Promising Research May Lead to a Cure For Asthma
Last week news about a "cure for asthma" was blasted all over social media. Several of my friends even sent me the link to the story. Thinking that the story must be "too good to be true" I did some additional digging.
The commotion centered around a study by led by Cardiff University in the UK that was published in February of this year by Science Translational Medicine. In the study the researchers used human airway tissue in mice to mimic the human airway. They found that manipulating calcium-sensing receptor (CaSR) with drugs known as calcilytics reversed asthma symptoms.
Calcium-sensing receptors (CaSR) senses levels of calcium and regulates levels of parathyroid hormone to keep calcium levels in check. Researchers in this study found that asthma triggers also release chemicals that trigger CaSR in the tissues of the airway. The chemicals appear to be what causes the symptoms of airway twitchiness, inflammation, and narrowing.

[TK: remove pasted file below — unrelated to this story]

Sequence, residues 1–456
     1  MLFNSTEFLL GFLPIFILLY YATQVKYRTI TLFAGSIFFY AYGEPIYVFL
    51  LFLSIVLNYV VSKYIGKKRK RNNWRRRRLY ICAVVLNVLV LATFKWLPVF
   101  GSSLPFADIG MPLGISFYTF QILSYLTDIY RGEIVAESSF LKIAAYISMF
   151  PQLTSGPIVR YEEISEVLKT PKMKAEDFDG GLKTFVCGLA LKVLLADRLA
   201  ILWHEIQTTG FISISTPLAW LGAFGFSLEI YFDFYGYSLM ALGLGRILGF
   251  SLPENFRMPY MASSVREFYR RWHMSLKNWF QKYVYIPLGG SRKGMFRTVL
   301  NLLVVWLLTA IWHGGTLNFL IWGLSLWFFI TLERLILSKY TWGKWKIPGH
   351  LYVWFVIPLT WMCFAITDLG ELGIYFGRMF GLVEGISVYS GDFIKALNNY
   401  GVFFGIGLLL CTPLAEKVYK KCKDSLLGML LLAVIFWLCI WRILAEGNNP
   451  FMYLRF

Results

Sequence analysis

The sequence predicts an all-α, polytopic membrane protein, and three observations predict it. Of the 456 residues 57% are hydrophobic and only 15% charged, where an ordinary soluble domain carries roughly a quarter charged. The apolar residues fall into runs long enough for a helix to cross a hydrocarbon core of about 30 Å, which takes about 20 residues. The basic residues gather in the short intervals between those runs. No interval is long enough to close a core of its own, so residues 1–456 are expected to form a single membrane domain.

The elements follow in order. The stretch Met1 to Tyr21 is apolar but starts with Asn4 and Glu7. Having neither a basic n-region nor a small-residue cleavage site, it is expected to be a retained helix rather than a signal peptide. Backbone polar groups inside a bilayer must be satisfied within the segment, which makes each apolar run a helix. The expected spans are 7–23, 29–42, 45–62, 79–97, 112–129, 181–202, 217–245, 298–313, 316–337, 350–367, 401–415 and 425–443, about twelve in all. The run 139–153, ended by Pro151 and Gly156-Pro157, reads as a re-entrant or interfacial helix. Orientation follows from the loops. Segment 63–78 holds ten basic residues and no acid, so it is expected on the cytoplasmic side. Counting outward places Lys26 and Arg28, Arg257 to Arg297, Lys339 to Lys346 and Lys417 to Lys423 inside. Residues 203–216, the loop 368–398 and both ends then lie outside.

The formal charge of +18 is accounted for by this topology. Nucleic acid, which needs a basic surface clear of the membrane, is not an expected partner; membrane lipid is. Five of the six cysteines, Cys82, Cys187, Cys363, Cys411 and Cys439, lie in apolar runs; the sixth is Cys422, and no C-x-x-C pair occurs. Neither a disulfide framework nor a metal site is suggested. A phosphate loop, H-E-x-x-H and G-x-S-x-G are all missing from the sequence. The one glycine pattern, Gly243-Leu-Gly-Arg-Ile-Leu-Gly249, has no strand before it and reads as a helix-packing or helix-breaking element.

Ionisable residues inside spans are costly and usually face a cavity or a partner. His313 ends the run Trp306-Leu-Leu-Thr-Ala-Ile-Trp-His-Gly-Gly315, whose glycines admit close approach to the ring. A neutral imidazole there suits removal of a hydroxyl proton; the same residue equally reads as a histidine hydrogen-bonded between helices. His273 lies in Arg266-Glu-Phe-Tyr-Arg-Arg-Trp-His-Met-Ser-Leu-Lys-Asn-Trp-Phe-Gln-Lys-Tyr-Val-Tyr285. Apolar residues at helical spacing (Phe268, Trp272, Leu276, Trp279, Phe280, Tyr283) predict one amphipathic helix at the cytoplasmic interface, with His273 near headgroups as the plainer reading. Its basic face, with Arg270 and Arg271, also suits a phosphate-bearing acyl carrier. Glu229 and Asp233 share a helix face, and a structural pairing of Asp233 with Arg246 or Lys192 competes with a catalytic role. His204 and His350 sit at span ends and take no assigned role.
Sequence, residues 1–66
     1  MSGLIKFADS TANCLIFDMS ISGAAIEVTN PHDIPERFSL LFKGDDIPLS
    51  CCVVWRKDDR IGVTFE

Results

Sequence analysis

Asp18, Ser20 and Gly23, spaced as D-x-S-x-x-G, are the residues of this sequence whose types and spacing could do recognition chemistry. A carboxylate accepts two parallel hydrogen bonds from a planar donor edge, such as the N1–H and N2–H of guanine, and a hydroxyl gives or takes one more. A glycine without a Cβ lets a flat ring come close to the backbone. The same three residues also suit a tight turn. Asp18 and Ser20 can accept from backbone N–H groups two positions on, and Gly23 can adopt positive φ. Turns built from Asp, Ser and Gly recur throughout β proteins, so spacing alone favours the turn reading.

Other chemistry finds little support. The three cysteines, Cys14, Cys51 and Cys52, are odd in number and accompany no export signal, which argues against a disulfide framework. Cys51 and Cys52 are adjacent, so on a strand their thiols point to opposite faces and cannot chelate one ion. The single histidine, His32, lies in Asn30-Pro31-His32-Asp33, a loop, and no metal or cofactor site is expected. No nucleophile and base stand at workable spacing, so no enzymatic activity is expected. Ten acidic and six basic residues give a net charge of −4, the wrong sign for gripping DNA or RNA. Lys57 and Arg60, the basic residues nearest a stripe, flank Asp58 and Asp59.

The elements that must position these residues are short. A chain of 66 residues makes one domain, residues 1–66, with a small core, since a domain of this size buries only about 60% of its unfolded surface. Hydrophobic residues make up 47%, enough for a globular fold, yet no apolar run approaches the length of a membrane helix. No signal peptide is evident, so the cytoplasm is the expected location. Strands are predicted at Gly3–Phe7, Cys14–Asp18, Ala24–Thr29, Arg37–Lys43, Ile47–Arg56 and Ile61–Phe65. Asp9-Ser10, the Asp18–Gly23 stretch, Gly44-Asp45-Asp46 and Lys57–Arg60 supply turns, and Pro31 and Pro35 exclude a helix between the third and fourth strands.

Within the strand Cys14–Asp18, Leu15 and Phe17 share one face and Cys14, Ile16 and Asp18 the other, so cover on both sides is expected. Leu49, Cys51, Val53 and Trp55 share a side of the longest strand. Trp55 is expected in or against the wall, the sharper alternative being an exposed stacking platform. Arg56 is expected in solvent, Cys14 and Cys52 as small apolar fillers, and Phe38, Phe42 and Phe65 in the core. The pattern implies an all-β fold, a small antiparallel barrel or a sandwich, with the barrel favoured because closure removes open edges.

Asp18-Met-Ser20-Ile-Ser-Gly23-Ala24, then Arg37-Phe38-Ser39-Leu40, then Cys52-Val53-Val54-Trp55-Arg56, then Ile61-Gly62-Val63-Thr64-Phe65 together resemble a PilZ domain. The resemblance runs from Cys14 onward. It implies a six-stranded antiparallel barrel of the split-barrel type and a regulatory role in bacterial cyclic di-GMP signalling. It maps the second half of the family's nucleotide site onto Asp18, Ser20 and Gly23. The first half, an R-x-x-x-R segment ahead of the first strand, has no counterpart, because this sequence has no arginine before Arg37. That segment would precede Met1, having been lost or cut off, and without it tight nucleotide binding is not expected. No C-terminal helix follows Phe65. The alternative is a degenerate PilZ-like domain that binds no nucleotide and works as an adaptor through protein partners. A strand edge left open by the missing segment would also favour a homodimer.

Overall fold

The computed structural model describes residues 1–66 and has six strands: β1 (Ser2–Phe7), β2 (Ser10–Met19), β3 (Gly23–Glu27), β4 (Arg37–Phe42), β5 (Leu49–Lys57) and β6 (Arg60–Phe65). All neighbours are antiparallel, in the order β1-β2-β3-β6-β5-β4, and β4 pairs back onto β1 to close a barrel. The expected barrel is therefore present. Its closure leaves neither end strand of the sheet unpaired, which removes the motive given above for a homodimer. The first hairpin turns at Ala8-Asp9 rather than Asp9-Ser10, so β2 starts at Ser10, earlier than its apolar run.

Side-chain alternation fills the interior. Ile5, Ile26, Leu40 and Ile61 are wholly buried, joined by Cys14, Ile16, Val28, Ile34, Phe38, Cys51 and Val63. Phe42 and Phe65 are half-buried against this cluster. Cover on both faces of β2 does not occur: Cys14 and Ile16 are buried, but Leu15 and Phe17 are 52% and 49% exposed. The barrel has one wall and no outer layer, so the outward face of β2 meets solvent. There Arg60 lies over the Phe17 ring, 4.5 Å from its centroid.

Calcilytics are a class of medications that block the CaSR. When they were administered directly into the lung tissue of the mice they eliminated all of the symptoms of asthma. While calcilytics have been around for over 15 years, used in osteoporosis treatments, it is not yet known whether it is safe to administer them directly into the lungs of asthma patients. Researchers hope to study this use of calcilytics within the next two years- with treatments available in five years if all goes well.
Although this treatment is very promising and exciting, the headline that there is now a cure for asthma is quite overstated. Hopefully after more studies are done they will find a way to use this treatment successfully in humans. This will be especially good news for the thousands of asthma patients who don’t respond well to the current therapies. It may also prove helpful in treating similar conditions like COPD, chronic bronchitis or cystic fibrosis down the line.
In the mean time, while we wait for more research to be done, please keep up with your current asthma medications and action plan.
Jennifer has a bachelor's degree in dietetics as well as graduate work in public health and nutrition. She has worked with families dealing with digestive disease, asthma and food allergies for the past 12 years. Jennifer also serves the Board of Directors for Pediatric Adolescent Gastroesophageal Reflux Association (PAGER).